The final step is to create stickiness. Consider again The Biggest Loser and everyone you've known who's gone on a diet and lost substantial weight. In most cases, however, some, all or more than all of the original amount lost will be gained back within a year. For change to last, effective support systems, processes and incentives must be put into place. To create a new reality and fulfill your vision of purposeful change, you'll have to take the necessary steps that make it easier-than-not to stay on track.

The Right Change

The six steps outlined above describe how to take change by the horns and have others follow your lead and fulfill your vision. But what should your vision be? What types of change should you aim at if you're a financial advisor wanting to move up-market?

This deeper phase of being successful on purpose begins with limiting the scope of your change initiatives. We've all worked at organizations where a new year begins and everyone has lots of great ideas and wants to accomplish everything at once. But such scattershot multi-pronged agendas rarely produce anything worthwhile. Instead, purposeful change is a process that takes time to implement. Be resolute in your focus and commitment, and forego any attempt to eat the elephant all at once.

At CEG Worldwide, we firmly believe in the old adage that you get what you're looking for, and that if you're not looking for anything specific, you'll end up with an eclectic m?lange of whoever happens to show up at your door. That may be all right when you start your practice. But given the industry's general downward pressure on fees, along with rising technology, compliance and overall operating costs, we feel that defining an ideal client profile (ICP) is of paramount importance.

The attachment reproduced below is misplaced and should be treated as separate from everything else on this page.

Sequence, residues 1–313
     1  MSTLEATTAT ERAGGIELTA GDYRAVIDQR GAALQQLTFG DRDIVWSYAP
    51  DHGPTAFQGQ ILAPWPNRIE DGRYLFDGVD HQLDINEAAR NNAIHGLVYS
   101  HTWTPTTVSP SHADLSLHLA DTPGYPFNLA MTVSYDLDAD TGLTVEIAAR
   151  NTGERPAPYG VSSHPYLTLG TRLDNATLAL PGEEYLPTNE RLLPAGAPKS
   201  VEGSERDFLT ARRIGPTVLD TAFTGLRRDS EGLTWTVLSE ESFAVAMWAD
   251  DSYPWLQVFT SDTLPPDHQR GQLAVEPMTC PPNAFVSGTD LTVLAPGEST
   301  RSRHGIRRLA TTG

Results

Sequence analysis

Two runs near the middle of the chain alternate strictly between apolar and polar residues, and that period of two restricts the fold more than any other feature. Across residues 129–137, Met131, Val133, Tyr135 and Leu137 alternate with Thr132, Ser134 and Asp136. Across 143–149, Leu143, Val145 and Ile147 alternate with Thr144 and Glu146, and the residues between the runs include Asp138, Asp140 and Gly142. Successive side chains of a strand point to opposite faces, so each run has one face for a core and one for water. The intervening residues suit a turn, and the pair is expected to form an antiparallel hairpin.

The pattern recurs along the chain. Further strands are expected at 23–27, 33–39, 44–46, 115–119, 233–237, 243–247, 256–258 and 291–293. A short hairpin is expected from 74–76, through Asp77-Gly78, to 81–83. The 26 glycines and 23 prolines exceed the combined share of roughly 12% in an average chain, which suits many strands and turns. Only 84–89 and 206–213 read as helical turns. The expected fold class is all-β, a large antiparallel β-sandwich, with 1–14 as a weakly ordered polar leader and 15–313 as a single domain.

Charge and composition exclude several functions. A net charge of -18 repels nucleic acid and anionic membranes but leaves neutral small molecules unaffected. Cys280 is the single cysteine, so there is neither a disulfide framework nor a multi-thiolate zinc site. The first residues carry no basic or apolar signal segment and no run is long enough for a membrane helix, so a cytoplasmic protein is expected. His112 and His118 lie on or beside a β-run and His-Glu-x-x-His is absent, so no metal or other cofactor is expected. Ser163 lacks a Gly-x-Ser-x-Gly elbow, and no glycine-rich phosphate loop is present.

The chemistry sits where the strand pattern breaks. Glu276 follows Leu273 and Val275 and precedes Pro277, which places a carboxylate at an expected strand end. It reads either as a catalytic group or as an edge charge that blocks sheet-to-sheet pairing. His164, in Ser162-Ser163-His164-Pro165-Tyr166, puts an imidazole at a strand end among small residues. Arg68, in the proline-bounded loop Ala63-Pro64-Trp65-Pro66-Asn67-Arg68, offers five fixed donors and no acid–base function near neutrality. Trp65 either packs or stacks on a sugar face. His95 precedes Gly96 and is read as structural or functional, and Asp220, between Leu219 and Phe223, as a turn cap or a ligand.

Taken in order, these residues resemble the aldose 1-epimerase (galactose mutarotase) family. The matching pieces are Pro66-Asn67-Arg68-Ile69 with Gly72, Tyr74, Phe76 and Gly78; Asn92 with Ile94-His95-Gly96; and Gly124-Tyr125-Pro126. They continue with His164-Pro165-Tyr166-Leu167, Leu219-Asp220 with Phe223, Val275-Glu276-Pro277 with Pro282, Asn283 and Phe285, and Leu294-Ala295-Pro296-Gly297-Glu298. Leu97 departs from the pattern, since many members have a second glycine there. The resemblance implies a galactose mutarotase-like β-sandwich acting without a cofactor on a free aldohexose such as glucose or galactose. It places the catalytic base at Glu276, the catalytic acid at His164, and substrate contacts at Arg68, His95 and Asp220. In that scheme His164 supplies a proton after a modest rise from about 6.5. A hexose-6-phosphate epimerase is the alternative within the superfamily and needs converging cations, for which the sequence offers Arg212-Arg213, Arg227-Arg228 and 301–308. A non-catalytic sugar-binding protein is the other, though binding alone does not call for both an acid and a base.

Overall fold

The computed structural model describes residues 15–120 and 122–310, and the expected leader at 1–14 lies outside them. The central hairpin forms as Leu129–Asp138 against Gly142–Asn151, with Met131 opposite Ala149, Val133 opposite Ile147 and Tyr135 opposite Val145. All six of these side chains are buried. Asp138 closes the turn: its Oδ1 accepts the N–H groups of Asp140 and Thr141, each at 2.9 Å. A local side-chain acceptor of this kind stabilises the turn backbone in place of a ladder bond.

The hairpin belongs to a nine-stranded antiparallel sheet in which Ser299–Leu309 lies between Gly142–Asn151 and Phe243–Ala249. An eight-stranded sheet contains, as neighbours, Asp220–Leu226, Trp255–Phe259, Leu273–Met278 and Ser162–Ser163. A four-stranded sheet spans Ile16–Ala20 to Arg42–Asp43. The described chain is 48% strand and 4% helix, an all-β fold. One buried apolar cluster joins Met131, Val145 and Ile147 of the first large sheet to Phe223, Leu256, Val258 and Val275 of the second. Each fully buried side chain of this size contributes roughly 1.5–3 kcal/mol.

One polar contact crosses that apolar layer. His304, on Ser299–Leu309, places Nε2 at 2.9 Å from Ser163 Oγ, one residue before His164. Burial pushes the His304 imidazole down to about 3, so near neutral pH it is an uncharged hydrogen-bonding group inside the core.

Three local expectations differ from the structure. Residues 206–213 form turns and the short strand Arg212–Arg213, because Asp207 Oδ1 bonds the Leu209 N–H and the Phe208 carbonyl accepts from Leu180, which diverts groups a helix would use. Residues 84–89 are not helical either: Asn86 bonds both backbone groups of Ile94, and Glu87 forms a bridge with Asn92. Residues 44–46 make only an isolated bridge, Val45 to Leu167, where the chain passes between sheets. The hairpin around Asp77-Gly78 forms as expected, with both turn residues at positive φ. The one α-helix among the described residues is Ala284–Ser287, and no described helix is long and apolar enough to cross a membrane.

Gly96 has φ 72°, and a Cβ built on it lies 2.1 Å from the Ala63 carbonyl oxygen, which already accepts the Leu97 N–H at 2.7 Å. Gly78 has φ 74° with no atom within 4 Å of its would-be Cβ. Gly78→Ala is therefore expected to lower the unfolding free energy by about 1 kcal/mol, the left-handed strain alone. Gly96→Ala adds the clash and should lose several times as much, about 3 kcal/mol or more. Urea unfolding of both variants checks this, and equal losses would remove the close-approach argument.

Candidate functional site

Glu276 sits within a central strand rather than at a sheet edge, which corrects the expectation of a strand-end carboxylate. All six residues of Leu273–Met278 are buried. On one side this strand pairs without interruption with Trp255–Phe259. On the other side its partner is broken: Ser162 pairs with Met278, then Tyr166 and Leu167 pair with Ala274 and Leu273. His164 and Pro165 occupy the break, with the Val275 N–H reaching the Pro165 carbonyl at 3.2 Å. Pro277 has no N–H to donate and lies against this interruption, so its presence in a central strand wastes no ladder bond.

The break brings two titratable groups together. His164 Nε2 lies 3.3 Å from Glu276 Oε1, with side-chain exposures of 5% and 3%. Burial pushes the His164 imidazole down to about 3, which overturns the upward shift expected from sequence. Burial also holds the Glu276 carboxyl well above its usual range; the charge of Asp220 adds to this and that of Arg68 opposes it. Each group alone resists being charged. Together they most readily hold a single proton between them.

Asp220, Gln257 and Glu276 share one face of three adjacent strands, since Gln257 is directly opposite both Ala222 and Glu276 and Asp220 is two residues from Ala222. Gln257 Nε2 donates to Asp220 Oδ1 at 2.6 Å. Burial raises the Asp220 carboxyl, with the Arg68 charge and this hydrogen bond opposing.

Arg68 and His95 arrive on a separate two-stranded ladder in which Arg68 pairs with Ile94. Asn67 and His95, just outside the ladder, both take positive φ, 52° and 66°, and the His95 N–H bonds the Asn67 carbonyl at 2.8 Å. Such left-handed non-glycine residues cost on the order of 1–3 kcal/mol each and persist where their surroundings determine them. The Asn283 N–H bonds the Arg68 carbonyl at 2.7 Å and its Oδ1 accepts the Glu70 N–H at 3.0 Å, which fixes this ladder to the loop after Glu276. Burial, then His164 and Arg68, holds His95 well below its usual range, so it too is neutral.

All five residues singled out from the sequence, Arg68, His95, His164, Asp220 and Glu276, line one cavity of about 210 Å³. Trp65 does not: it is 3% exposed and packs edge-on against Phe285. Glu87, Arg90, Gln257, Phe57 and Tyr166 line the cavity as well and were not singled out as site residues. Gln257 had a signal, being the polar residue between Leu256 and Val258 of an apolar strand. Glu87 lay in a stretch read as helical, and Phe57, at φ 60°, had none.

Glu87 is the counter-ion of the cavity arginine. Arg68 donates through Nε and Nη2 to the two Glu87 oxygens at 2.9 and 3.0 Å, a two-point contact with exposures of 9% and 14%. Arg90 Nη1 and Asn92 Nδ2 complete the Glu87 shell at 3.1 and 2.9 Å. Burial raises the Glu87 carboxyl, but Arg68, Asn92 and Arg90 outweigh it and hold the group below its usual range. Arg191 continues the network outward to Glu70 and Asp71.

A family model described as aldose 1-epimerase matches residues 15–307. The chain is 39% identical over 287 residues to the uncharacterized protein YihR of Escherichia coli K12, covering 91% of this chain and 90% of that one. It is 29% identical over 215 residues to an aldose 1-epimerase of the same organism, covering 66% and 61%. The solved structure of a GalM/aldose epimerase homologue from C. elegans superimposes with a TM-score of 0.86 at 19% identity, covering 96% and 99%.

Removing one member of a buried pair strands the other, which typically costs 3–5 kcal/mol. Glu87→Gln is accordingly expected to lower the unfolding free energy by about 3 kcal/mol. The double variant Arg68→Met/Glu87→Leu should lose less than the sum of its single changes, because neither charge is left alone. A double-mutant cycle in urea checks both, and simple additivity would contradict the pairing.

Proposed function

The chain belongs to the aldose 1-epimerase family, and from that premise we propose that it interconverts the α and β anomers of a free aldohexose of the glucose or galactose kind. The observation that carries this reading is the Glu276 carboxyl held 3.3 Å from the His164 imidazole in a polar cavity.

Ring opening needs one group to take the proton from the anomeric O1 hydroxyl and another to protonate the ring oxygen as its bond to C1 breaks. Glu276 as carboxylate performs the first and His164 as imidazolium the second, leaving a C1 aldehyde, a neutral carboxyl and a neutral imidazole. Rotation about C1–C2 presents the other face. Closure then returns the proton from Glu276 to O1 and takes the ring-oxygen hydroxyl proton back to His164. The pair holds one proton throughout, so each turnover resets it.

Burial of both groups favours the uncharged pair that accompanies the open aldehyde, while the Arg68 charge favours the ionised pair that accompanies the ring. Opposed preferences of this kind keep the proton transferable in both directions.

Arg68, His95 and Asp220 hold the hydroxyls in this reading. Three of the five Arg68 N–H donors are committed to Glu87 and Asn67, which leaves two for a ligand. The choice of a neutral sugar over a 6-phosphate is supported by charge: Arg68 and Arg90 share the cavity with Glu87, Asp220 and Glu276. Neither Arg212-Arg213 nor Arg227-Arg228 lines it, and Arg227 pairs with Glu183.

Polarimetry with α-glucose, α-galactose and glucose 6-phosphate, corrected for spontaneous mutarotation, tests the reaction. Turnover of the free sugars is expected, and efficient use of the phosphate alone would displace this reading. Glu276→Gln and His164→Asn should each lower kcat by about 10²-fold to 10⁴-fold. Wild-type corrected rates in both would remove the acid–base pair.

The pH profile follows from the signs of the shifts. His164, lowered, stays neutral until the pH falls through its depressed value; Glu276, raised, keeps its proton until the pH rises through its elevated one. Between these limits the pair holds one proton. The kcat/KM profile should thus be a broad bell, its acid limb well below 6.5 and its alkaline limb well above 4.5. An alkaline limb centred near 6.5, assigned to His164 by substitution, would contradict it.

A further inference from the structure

The importance of an ICP and how to go about creating one have been discussed in this column. As a very quick review, you should define your ideal client's characteristics in eight categories: general description (including your niche or specialty and client's stage of life, industry, occupation, marital status and educational level); geographic location; investable assets; minimums (account size and revenue); financial challenges to be solved; source of clients; high-net-worth personality; personal enjoyment.

Once you've formulated your ICP, it's time to move into a phase where you'll delve into the details about existing and potential clients who fit your ICP. The best way to do this is to conduct interviews with centers of influence (COIs), the movers and shakers in your niche, such as those who publish trade journals or lead organizations dedicated to niche members.

The final phase of digging even deeper into the kind of purposeful change you want to create calls for the development of strategic alliances, especially with CPAs and estate attorneys.

To be successful on purpose, you'll need to integrate systems and processes along the way that not only sustain your progress but keep you on track towards creating your new reality. Importantly, very few of us can do this alone, or have the kind of energy, focus and accountability within our current organizations necessary to make this happen. Those who succeed on The Biggest Loser inevitably state that the most critical step in creating their desired changes was working well with Bob and Jillian (the show's trainer/coaches) and family who continually supported them.

So, you may want to consider employing the services of a success coach or organization with industry-specific expertise. Real change is possible, yet difficult to achieve, so give yourself every possible advantage.

Patricia J. Abram is a senior managing principal with the coaching, research and consulting firm CEG Worldwide. Visit www.cegworldwide.com.

Reprints Discuss this story
This is where the comments go.